In various embodiments of the present device, the device is made of and/or covered by biologically unreactive materials which can be left in place inside the body for prolonged periods of time. This permits continued or pulse delivery of apoptotic signals to the targeted fat for as long as necessary to destroy the fat deposit. When the desired amount of fat has been destroyed, the device can be removed by simple endoscopic surgical techniques. Devices of the present invention include those specifically using apoptosis-inducing chemicals in solution and others are directed to the transmission of light stimulants to promote apoptosis. Still other devices combine these two techniques. In delivering chemical apoptotic agents, a fluid is conveyed carrying the stimulant to fat cells and serves to irrigate such cells. A suction catheter removes the damaged and dying fat cells undergoing apoptosis. A wide underlying protective plastic skirt and a suction catheter are utilized to protect the underlying fascia and muscle from significant influence of the apoptotic stimulant.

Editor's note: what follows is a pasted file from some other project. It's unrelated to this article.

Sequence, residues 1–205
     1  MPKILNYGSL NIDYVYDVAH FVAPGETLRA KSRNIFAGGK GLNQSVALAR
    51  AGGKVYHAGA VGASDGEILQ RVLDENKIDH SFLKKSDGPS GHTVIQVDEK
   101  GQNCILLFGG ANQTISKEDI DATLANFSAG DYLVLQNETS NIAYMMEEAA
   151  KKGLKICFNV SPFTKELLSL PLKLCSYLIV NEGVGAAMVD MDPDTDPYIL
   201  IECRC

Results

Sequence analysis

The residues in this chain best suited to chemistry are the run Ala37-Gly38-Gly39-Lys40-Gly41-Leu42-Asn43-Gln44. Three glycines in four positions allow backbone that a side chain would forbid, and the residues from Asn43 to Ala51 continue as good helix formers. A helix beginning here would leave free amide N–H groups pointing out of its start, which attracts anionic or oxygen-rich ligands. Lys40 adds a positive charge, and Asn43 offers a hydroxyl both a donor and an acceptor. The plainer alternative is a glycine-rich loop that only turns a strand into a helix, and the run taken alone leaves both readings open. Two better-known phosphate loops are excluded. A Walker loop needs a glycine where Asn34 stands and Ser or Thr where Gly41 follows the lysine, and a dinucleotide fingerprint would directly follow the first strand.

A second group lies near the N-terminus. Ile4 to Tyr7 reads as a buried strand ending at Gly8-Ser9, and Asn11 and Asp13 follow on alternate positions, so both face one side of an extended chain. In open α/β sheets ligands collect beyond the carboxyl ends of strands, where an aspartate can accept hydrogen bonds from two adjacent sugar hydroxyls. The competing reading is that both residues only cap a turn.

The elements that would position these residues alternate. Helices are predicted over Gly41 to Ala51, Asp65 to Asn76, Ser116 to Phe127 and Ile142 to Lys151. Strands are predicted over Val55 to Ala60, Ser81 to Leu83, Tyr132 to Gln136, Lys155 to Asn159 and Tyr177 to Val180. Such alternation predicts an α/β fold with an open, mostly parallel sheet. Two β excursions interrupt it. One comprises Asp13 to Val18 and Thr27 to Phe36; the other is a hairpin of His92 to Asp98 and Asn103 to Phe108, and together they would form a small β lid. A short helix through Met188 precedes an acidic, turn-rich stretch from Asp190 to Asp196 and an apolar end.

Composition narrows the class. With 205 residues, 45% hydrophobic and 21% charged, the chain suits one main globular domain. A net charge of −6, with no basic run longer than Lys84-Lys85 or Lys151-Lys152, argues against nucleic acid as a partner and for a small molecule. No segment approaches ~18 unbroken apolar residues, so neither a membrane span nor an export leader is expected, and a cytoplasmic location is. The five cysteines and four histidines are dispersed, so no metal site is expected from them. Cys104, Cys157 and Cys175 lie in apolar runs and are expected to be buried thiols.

In other embodiments, the UV or IR light apoptosis stimulants are generated outside the body, transmitted by special fiber optics, lead into the body through a small skin incision into an endoscopically created tunnel to the surface of the targeted fat, where the light beams are concentrated on the targeted fat. An underlying impenetrable biologically unreactive plastic skirt is preferably used to protect the underlying fascia and muscle from the light exposure. The effects of both chemical apoptosis stimulants and light stimulants can be enhanced by special procedures, such as changing a chemical environment of the targeted fat, or when light stimulants are used, by staining the fat with dyes which enhance the effects of the transmitted light.
Substances other than UV light that can be used to induce fat cell apoptosis include those substances that induce apoptosis (or that limit apoptosis) and can be found in the literature, for example, Duke, R C et al., “Cell Suicide and Health and Diseases”, Scientific American, December, 1996, pp. 80-87; Stanley, J., “Regulators of Cell Death”, Trends in Genetics, Vol. II, No. 3, pp. 101-105, March, 1995; and Kroemer, G., et al., “Mitochondrial Control of Apoptosis”, Immunology Today, 18, No. 1, pp. 44-52, January, 1997, all of such references incorporated herein in their entireties by this reference.